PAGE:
to letting players 'learn in the majors.' I'll readily admit that I wasn't 'aware' of the M's until the end of his tenure in Seattle, but this thought frequently pops into my head as I see different people approach developmental procedures (like education, parenting, or skill training) in vastly different ways:
Is it possible that Lou was, when dealing with a certain psychological bandwidth of the baseball talent pool, supremely talented at getting these certain types of players to produce and didn't want the high-minors managers wrecking them before he got his hands on them?
Some players appreciate a fiery, in-your-face approach (I would argue that most mega athletes respond well, or at least not negatively, to this approach) while others are less aggressive and respond to more of a kid glove approach. Could it be that Lou wasn't just picking skills but was more focused on psychological makeup when he looked down on the farm and declared, in no uncertain terms, which kid could help the team right now -- based almost entirely on Lou's confidence in his own ability to help this kid make the transition from the minors to the Big Show?
I mean...Lou would know what kind of athletic assets a player would need just to have a shot at succeeding, so maybe his focus was less on a given player's toolset and more on his mental makeup.
Pete Carroll certainly seems to believe that the Always Compete mantra isn't for everyone, and he rabidly seeks out players who he thinks will respond well to an Always Compete atmosphere. He seems far less concerned with specific skills a player possesses and far more concerned with whether or not a player will give it everything he has for each and every snap that he's out on the field.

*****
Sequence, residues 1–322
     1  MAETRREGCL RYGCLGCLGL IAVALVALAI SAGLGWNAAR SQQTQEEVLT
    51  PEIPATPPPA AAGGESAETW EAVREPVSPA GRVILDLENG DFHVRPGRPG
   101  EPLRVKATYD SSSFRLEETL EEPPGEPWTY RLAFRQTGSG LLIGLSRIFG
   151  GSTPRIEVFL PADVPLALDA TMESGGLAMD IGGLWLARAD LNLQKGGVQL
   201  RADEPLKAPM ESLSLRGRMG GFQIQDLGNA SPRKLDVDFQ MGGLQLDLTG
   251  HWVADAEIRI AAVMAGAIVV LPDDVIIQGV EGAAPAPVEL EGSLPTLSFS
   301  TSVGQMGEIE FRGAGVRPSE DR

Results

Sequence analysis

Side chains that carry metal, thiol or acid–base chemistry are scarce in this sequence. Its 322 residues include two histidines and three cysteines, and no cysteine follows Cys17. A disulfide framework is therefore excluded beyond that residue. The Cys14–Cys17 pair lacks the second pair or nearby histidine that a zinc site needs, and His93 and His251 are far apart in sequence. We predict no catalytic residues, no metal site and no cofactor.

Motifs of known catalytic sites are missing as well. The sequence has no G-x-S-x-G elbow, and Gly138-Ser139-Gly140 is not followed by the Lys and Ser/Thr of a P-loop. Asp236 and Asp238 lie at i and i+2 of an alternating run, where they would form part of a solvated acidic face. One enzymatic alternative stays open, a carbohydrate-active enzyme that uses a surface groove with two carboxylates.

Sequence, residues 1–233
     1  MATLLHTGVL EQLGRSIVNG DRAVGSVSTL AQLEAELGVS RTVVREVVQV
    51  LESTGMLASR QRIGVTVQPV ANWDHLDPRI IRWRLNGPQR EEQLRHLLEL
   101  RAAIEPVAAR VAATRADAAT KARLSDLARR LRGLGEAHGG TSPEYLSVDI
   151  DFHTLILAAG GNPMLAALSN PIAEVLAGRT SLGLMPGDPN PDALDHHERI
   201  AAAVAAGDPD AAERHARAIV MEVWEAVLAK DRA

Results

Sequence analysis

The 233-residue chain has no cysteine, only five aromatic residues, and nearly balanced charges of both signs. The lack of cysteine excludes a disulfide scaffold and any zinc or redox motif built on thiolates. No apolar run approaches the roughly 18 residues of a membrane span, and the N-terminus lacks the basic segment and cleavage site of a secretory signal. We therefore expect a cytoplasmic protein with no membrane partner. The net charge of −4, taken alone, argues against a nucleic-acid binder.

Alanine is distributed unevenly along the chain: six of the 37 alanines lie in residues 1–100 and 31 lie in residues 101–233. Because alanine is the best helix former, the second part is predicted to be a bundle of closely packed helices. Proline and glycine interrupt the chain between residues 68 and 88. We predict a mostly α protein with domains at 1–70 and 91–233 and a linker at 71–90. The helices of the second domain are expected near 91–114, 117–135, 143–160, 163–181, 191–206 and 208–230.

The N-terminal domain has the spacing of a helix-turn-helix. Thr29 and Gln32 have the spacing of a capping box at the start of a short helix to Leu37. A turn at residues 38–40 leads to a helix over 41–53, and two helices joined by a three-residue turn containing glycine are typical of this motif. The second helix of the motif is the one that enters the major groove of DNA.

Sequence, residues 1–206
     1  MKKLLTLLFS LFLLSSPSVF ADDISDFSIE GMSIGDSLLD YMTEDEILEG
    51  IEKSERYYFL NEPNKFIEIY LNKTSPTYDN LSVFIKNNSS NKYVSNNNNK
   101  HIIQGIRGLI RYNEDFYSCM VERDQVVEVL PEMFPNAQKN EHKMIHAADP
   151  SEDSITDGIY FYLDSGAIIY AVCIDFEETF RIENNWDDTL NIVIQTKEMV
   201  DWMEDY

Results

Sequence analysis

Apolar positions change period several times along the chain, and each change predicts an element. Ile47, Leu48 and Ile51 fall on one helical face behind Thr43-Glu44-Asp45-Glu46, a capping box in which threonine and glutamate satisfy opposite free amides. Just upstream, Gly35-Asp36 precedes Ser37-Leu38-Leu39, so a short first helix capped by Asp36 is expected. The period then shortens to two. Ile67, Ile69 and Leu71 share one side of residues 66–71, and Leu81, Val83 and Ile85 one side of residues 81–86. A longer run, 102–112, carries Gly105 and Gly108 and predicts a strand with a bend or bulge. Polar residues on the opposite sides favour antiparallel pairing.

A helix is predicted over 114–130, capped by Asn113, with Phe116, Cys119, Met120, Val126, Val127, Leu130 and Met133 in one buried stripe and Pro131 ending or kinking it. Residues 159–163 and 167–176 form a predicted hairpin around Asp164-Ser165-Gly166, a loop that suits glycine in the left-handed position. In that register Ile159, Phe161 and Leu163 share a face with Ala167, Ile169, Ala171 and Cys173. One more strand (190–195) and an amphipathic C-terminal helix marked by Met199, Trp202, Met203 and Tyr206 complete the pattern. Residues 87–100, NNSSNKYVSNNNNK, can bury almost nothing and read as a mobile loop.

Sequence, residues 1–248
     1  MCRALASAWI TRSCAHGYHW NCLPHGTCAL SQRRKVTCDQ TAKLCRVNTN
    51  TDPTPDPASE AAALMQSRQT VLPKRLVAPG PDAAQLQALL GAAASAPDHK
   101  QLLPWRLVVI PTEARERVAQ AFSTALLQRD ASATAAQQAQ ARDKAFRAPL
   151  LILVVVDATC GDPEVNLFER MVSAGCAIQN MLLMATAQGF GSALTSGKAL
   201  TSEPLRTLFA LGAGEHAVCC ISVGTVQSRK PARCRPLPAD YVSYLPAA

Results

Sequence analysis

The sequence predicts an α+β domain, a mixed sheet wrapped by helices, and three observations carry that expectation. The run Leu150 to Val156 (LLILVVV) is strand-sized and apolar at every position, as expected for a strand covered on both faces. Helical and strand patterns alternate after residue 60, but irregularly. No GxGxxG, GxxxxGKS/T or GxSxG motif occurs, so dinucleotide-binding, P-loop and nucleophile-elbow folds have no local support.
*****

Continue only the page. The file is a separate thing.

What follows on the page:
The marriage of men and women in child-rearing wasn't an accident; it was a market response to a proven, successful formula which produced humans who were able to out-compete their counterparts who were not raised in such an environment. Men and women bring different things, emotionally and physically, to the process of raising children and it's the complementary nature of these qualities which made marriage the fundamental institution on which modern humanity is based.
It seems to me that Lou's approach was much like a given parent's might be in a marriage; he had a package of 'moves,' he could execute them to perfection, and he was practiced and observant enough to predict with alarming accuracy which 'children' would respond well to his peculiar style of teaching/discipline/training. Lou probably needed Pat Gillick in order to present a 'united front' to everyone not involved in their private plans, and to help erect a setting which would maximize their relative skillsets.